Tag: pizza (page 2 of 3)

I Finally Tried Imo’s St. Louis-Style Pizza For Myself

The first time Jake tried a Provel pizza he called me.

He described how he had tried to double check that his particular pizza would be topped with mozzerella instead of Provel cheese. The person who took his phone order confirmed this. When his pizza arrived, he knew something was different.

“I found myself eating around the cheese.”

This statement concerned me because Jake loves cheese. Like, a lot. All kinds. Don’t ask what percentage of our typical grocery shopping trip is composed of cheese.

Therefore, I was scared.

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How We Make Our Favorite Thin-Crust Pizzas

One of my favorite meals to prepare is homemade pizza. Restaurants often refer to them as “flatbreads,” but we here, we just call them pizzas. Homemade pizza dough does take some time to prepare, but it isn’t very difficult. Therefore, I typically make pizza for Sunday suppers.

Our favorite pizzas don’t even involve tomato sauce. I just smear the dough with olive oil and garlic, and sprinkle over salt, pepper, and crushed red pepper flakes before adding the toppings. Fresh mozzarella is our cheese of choice. It’s pricier, but has an ideal chew and richness. Scoop up a ball at your local Italian deli or find some at ALDI or Trader Joe’s. Instead of covering the whole pizza with mozzarella, I stretch one ball over an entire recipe of dough by pinching off pieces and dotting them between the other toppings.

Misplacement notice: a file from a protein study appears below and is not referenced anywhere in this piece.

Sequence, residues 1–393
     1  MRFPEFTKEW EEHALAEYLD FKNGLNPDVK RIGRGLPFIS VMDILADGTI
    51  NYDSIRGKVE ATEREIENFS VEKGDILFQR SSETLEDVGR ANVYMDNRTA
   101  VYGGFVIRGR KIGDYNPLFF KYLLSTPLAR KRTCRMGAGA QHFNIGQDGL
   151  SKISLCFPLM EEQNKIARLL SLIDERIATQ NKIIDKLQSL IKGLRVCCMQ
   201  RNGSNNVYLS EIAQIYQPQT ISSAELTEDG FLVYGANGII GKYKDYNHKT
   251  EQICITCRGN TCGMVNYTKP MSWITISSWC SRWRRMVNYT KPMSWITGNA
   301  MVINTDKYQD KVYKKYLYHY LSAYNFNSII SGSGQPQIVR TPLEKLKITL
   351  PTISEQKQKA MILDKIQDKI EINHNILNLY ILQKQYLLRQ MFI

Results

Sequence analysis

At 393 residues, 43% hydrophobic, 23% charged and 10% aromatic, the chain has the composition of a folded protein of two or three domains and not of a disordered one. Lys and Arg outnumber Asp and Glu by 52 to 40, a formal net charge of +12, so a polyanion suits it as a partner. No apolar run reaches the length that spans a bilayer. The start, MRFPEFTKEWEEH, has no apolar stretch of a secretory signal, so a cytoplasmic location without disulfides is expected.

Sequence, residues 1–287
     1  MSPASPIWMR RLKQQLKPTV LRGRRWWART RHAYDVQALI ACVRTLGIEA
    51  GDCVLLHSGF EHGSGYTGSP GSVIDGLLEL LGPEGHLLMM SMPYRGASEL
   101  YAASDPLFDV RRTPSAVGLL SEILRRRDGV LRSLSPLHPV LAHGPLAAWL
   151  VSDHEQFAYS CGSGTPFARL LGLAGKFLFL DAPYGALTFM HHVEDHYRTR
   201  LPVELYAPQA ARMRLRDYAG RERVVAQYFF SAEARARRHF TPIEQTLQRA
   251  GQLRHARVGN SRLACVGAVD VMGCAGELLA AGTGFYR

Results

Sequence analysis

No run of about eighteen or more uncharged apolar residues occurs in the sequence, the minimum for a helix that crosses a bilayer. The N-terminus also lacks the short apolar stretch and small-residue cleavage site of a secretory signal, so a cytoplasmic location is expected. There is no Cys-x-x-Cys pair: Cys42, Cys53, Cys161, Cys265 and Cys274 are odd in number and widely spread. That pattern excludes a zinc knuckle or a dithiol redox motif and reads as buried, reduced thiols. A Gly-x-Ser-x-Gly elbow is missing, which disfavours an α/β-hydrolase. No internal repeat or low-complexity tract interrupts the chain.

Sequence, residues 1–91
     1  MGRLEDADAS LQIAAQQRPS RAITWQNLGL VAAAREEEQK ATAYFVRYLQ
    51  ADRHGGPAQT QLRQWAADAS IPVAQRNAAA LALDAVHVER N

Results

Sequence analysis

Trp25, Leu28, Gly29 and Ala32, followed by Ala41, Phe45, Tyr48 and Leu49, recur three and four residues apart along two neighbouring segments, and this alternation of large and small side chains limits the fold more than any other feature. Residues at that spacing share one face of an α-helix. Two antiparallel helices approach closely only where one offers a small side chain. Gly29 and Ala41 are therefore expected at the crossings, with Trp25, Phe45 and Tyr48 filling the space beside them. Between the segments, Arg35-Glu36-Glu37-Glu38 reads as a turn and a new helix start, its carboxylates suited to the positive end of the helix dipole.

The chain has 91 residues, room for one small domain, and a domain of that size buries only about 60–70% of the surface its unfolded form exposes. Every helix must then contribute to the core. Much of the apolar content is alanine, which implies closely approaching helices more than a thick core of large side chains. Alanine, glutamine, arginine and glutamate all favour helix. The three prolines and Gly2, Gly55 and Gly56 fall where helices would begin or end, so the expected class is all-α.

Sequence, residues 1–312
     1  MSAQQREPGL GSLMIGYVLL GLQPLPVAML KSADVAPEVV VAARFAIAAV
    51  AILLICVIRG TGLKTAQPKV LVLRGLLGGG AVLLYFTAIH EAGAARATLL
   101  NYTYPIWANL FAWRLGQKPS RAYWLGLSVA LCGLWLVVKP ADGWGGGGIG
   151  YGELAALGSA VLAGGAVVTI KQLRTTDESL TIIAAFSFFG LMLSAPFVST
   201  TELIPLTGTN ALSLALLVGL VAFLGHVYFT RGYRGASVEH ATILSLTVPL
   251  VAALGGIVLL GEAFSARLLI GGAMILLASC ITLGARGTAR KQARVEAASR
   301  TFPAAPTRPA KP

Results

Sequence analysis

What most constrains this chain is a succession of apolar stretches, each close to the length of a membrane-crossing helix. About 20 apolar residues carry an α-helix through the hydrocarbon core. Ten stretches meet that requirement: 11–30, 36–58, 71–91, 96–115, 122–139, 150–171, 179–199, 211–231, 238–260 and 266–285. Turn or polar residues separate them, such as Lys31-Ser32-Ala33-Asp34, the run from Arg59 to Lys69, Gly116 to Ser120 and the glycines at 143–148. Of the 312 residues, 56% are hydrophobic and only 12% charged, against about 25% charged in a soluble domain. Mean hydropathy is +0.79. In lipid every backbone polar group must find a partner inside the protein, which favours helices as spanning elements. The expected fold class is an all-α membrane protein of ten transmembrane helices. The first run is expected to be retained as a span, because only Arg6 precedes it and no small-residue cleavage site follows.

The best part about making homemade pizza is that you can add whatever toppings you like. Any vegetable you find at the farmers market probably makes a great topping. We’ve enjoyed pizza topped with everything from roasted kholarabi to shaved radish to blanched potato slices. Here’s a list of our favorite pizza toppings and instructions for making my favorite dough.

Broders Pizza

Pizza inspired by our favorite pie in the whole world, The Eggplant Special at Broders Cucina Italiana in Minneapolis, MN. Topped with fresh mozz, roasted eggplant, bell pepper, caramelized onions, and goat cheese mixed with herbs.

Yeast doughs are more forgiving than you might assume. I avoided making yeast doughs for years because they intimidated me so much! If the yeast is not old and you allow the dough to properly rise twice, all should be well. It’s easy to feel tempted to rush the second rising, but, this will really mess up the texture of your bread. My culinary instructor at Minnesota State Community & Tech College always reminded us that yeast dough rises once for flavor and twice for structure.

When I prepare pizza crust dough, I look for a texture that’s smooth, elastic, and not too sticky. If you find that your dough is too dry, slowly drizzle in a little bit of water at a time, and, if it’s too wet, mix in more flour.

Favorite Toppings:
Fresh mozzarella: We stretch one ball over a whole recipe of pizza dough.
Sliced bell pepper
Roasted eggplant
Shaved hot chilis
Caramelized onions
Roasted (or pulled) chicken
Reduced balsamic vinegar: Reduce in a saucepan until thick and sweet. 
Basil
Slow roasted tomatoes: Instead of roasting at a high heat, drizzle with olive oil, season with salt and pepper, and bake at a low temperature (250-300ºF) until the juices thicken and the skins are tender. This could take hours. Cherry tomatoes work well, but if you only have whole tomatoes, cut into small pieces and remove some of the pulp.  

Pizza Jeni

Pizza inspired by Maxwell’s of West Fargo’s Roasted Chicken & Basil Pesto flatbread: Fresh mozz, pulled chicken leg meat, caramelized red bell peppers and onions, balsamic drizzle.